So next time you are thinking of hiring new people into your team, try and open your mind and cast a wider net onto the market than just candidates from your own industry and look beyond to people from other industries who might have already been presented with the same challenges than yours but maybe done so for a much longer period of time. You will be bringing in experience and knowledge currently not present in your organisation and you will be promoting the spread of that knowledge across your staff, bettering them and therefore bettering your business. And a better business means higher levels of customer satisfaction, higher customer stickiness and hopefully improved revenues.

So please, go and cross-pollinate, you won’t regret it!

Apache Cordova, TestFlight and Android

I have been recently working on a number of projects that required a combination of a REST API and some form of mobile application to consume the resources managed by the API. I have good experience on developing Android applications, but I have never been interested in getting involved with Apple’s protracted Objective C and its (in my humble opinion) weird idiosyncrasies. 

So, when it came to deliver an iOS application to support one of the projects I’m involved with, I thought long and hard about how to do this. Apache Cordova came into the picture as a clear contender very quickly. I must admit I already had played with PhoneGap, the early incarnation of Cordova, many moons ago and I liked it then.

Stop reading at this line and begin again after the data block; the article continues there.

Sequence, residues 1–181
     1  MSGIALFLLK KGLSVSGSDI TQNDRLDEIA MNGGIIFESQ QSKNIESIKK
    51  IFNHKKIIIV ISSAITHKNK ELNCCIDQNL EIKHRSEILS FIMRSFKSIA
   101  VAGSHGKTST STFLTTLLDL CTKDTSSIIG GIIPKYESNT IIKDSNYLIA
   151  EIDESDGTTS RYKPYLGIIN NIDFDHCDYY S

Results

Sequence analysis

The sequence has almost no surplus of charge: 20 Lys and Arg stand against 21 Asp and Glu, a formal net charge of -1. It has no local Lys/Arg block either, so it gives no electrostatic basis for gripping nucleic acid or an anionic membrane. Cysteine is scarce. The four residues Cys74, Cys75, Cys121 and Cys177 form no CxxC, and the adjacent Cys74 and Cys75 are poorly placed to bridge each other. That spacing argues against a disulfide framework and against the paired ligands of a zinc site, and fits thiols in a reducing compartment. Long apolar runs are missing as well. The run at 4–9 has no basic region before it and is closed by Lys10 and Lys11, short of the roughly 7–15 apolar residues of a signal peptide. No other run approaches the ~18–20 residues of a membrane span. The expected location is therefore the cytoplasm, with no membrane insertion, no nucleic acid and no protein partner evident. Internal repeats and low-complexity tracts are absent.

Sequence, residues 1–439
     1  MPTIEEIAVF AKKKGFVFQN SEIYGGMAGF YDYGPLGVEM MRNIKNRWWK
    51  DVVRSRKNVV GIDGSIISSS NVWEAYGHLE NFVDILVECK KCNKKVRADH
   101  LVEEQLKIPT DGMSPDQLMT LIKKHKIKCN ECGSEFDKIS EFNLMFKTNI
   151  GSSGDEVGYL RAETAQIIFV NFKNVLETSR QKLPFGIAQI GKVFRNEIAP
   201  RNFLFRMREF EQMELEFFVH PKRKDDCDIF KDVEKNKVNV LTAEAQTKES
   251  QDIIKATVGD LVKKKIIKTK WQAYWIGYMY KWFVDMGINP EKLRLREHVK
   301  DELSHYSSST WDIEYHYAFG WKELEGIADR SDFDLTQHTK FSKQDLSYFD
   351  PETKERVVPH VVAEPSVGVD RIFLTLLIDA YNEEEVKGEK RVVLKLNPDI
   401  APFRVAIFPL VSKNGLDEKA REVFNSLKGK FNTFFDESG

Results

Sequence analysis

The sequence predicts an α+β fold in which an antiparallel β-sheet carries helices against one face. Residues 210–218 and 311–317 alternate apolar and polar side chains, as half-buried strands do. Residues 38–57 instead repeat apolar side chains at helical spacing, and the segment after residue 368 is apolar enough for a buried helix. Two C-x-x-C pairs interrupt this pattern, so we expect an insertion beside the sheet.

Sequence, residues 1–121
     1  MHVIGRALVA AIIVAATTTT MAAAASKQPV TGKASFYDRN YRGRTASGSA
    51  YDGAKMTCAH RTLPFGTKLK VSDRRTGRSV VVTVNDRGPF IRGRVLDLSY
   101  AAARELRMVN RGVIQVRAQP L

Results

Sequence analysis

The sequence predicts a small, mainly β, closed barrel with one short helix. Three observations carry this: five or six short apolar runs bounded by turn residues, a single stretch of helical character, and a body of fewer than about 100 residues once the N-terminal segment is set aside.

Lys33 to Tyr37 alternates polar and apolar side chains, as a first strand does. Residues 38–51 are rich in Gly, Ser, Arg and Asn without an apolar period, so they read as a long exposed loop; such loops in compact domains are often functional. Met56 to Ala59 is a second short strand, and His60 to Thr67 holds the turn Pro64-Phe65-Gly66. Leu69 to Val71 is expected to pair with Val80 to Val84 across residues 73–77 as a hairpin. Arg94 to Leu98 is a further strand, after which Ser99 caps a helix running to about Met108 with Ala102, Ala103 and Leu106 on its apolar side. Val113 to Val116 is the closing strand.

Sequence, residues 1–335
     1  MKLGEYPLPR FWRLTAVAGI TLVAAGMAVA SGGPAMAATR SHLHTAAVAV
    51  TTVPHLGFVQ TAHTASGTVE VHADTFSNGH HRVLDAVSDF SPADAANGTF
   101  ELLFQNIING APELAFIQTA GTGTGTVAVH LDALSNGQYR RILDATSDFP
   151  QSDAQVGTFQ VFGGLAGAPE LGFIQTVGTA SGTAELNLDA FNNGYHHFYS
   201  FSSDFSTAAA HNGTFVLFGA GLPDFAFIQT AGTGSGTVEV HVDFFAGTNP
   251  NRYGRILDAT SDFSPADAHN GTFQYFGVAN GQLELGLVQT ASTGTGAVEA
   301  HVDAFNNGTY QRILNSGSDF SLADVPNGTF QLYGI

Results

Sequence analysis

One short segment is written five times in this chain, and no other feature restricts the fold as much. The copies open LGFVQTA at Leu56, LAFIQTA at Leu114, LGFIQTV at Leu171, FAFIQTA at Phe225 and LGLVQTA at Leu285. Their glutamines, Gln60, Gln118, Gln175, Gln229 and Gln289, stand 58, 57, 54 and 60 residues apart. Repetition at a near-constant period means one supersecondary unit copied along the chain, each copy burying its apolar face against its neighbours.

The concept is simple: write a standalone web application making use of all the goodness of HTML5, CSS3 and JavaScript that is amenable to run in a mobile device, and then make use of Cordova’s JavaScript API to provide access to parts of the mobile device that the application wouldn’t have access to if it were to run purely on the device’s browser. This is accomplished by effectively wrapping the web application in a native shell that offers access to the extra functionality via the Cordova JS API.

Several tools have since materialised that make the development, management and wrapping process even simpler, such as Telerik‘s Icenium which I will cover in future posts.